Yup. It has nothing to do with the government's financial overseers being asleep at the switch, or a decades-long conservative push for deregulation, or even the greed of lenders who gave out bad loans in order to make millions and Wall Street types who created financial instruments they could not understand in order to make billions. Nope. The stock market is tumbling, unemployment is growing, and people across America are feeling the pinch at their kitchen tables because your local Target has a "Happy Holidays" banner out front.

You aren't getting away with it any longer, Target. Daniel Henninger has exposed your scam. Angry mobs are coming to your locations to scrawl "Merry Christmas" over your "desacralized" signs, and then everyone will feel better and start buying TiVos and the economy will be great again.

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Car Tax Update

| Thu Nov. 20, 2008 9:49 PM EST

CAR TAX UPDATE....I see that the California legislature is thinking of taking my advice and raising the vehicle license fee back to the same rate (2% of assessed value) that we had for most of our history:

The plan creates a potential political quandary for Gov. Arnold Schwarzenegger. The last governor to triple the vehicle license fee was his predecessor, Gray Davis, and it played a large role in his recall. In his first act in office, Schwarzenegger cut the fee back down to its current rate.

Yeah, that's a quandary all right. Poor Arnold.

Apple Woes

| Thu Nov. 20, 2008 9:22 PM EST

APPLE WOES....So remember how you guys were all over me for years about how bad PCs sucked and how I should get a Mac to solve all my problems etc. etc.? And so I finally got one a few months ago, and it worked fine. (Not really any better than a PC, to be honest, but it was fine.) Remember all that?

Well, guess what? I haven't used my MacBook for a couple of months, but I pulled it out the other day and discovered that Macs don't hibernate in order to extend battery life. They just go into standby mode when you close the lid, and then hibernate right before the battery goes completely dead. So of course my battery was completely dead. No big deal, though: I just plugged in the charger and went away for a few hours.

And nothing happened. The notebook no longer recognizes the battery and declines to charge it even a tiny bit. Reinstalled the battery, but that didn't do any good. So now what? Take it into an Apple store and find out what's wrong, I guess. What a pain. Why can't Apple make decent hardware, anyway?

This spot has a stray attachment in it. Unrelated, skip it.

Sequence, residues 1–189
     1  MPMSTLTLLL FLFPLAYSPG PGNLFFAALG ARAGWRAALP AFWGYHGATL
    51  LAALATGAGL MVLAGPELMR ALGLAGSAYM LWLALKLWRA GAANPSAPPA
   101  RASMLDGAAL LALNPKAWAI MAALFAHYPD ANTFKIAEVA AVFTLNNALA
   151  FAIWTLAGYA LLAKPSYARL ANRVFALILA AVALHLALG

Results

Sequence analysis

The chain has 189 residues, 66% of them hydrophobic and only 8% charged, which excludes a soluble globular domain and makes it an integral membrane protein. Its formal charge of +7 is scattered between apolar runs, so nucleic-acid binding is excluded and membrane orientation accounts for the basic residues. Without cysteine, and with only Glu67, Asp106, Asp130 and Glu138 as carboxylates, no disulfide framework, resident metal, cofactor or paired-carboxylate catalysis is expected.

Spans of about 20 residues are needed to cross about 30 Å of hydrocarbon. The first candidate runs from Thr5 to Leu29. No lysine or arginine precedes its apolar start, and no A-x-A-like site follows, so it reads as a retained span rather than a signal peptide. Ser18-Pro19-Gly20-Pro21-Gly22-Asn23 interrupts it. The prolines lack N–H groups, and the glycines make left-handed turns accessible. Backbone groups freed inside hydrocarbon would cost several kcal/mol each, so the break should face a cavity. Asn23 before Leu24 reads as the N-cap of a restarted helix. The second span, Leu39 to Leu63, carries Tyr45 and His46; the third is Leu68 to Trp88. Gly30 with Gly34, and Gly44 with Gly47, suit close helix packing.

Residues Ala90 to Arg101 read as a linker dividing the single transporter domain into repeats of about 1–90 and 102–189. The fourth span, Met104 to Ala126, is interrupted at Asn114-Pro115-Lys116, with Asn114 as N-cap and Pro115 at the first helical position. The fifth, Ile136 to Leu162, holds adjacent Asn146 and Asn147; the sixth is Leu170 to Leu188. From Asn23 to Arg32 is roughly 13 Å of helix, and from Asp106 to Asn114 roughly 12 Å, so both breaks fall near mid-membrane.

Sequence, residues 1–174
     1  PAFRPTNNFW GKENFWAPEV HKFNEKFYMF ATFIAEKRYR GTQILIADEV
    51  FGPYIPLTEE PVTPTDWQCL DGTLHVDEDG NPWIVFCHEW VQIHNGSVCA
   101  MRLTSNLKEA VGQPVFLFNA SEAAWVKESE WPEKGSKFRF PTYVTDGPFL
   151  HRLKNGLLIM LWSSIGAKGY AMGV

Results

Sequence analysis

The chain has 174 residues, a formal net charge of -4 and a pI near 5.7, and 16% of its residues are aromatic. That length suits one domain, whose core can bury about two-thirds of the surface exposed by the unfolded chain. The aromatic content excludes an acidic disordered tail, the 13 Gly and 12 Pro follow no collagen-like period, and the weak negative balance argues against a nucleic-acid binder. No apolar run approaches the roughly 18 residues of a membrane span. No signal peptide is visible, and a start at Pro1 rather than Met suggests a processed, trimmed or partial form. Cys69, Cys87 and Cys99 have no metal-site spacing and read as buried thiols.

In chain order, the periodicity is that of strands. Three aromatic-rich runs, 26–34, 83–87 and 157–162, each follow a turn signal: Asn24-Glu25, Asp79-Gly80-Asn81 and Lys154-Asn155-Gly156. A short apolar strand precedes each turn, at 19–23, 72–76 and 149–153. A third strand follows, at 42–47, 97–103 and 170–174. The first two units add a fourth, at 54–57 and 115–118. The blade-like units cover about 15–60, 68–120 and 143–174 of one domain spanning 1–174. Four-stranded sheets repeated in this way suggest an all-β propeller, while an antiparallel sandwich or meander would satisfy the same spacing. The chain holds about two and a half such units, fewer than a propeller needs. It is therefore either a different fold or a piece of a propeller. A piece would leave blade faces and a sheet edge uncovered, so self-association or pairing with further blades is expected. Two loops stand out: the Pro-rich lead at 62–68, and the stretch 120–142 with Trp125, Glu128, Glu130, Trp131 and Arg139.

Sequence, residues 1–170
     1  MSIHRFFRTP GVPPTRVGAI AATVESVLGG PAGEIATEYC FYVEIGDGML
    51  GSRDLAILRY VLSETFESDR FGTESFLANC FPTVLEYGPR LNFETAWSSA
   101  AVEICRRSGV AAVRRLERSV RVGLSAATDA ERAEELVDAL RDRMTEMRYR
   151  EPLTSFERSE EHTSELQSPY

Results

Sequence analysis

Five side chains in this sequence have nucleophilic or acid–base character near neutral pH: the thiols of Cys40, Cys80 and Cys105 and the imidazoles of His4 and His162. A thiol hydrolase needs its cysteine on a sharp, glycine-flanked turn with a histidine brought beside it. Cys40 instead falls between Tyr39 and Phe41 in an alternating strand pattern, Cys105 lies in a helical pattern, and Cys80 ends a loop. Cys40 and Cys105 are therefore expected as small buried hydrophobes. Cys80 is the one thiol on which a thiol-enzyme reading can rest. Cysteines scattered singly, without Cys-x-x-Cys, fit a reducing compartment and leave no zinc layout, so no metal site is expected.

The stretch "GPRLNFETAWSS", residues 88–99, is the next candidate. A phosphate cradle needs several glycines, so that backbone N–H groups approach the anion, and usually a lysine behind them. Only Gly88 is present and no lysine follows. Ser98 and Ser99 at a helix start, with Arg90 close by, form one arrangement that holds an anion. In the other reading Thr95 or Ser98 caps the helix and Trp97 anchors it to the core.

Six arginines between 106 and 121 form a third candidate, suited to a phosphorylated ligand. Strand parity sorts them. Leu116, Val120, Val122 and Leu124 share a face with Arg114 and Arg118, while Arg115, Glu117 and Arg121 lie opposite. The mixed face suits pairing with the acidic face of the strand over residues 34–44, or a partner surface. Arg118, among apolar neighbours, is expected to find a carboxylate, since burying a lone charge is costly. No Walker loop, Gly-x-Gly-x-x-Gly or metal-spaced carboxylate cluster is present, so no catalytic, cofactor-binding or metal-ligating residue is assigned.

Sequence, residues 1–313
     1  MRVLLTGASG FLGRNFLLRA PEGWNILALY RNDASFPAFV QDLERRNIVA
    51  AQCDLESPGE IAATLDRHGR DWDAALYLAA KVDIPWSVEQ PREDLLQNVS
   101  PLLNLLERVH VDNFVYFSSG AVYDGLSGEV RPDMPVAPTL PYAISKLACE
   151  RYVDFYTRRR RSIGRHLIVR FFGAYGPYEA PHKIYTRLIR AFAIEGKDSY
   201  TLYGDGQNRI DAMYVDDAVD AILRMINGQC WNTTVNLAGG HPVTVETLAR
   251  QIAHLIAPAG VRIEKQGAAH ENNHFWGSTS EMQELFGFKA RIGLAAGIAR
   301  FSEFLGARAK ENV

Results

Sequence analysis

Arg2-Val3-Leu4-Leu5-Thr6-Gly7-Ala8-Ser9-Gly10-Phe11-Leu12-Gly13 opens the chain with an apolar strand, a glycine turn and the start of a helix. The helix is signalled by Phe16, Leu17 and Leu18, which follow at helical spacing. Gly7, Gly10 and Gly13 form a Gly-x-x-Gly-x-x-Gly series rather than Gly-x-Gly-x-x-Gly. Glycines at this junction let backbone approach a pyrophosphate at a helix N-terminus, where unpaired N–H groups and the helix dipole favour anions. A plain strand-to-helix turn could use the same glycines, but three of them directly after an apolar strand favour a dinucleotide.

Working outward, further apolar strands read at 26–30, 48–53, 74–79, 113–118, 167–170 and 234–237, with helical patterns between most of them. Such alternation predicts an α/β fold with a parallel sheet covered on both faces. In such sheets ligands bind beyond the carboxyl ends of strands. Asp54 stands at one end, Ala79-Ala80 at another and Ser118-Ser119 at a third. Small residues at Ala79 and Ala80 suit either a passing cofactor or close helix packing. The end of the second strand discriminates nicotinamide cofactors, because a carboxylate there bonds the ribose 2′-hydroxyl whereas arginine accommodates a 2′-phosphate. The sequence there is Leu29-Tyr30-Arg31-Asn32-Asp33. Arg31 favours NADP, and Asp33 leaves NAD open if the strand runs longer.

Now: Even Easier for Teens To Embarrass Each Other!

| Thu Nov. 20, 2008 7:10 PM EST

Oh my God, you guys. Rejoice, teens of the world. It's just gotten a whole lot easier to pursue one of your favorite interests: torturing each other on the Internet. On a new site called High School Tabloid, teens can submit pictures and scandalous stories from their very own high schools. Just think: The angst and growing pains of your friends, enemies, and frenemies memorialized—and laid bare for literally the whole world to see! Check out this screen shot from the home page:

And its motto pulls no punches: "Gossip, Publicity, Popularity."

Teens who post are awarded points, two for comments posted to a story and "10 points for posted headline with story." (So are the points for the headline or the story?) Earn enough points and this fabulous prize could be yours:

Obtain 50,000 points you become an official High School Tabloid columnist which will give you the opportunity to write a cover story, which will be featured on the HighSchoolTabloid home page! .GOSSIP.PUBLICITY.POPULARITY.

Folks, there may be hope for journalism yet.

HT YPulse.

John McCain Countersues Jackson Browne

| Thu Nov. 20, 2008 6:28 PM EST

mojo-photo-mccainbrowne.jpgFor those of you who felt like the McCain campaign, round about early September, started to look like some sort of demented cartoon, don't say "that's all folks" yet. As we discussed here back in August, singer-songwriter Jackson Browne filed suit against the McCain campaign for using his song, "Running on Empty," in a campaign ad. Sure, the suit was more symbolic than anything (considering the ads were probably off the air by the time Browne called his lawyer) but the remnants of the McCain campaign are taking it very seriously, countersuing in U.S. District Court in California. As Reuters reported, McCain filed two motions:

The first is a standard motion to dismiss, claiming that McCain's use of the song was fair use. McCain also says that Browne's assertion that the Lanham Act's prohibition on the implication of a "false association or endorsement" fails because it only applies to "commercial speech," not "political speech." The second filing is maybe even more interesting. It's an anti-SLAPP motion, which is typically used by defendants as a way to seek monetary damages after a plaintiff has subjected a defendant to a lawsuit meant to chill free speech. So far, McCain is only looking for attorney's fees and costs, but claiming an artist has interfered with free speech is quite the poke of an eye in show business.

That's right, McCain is looking to recoup some cash here. To add insult to injury, the first motion included the boastful assertion that using "Running on Empty" in their ad "will likely increase the popularity of this 30-year-old song." Hilarious, but McCain may have a point, as the only major "win" that had anything to do with his campaign was pop-cultural: SNL's ratings bump and Tina Fey becoming America's sweetheart. Maybe Browne should write a book?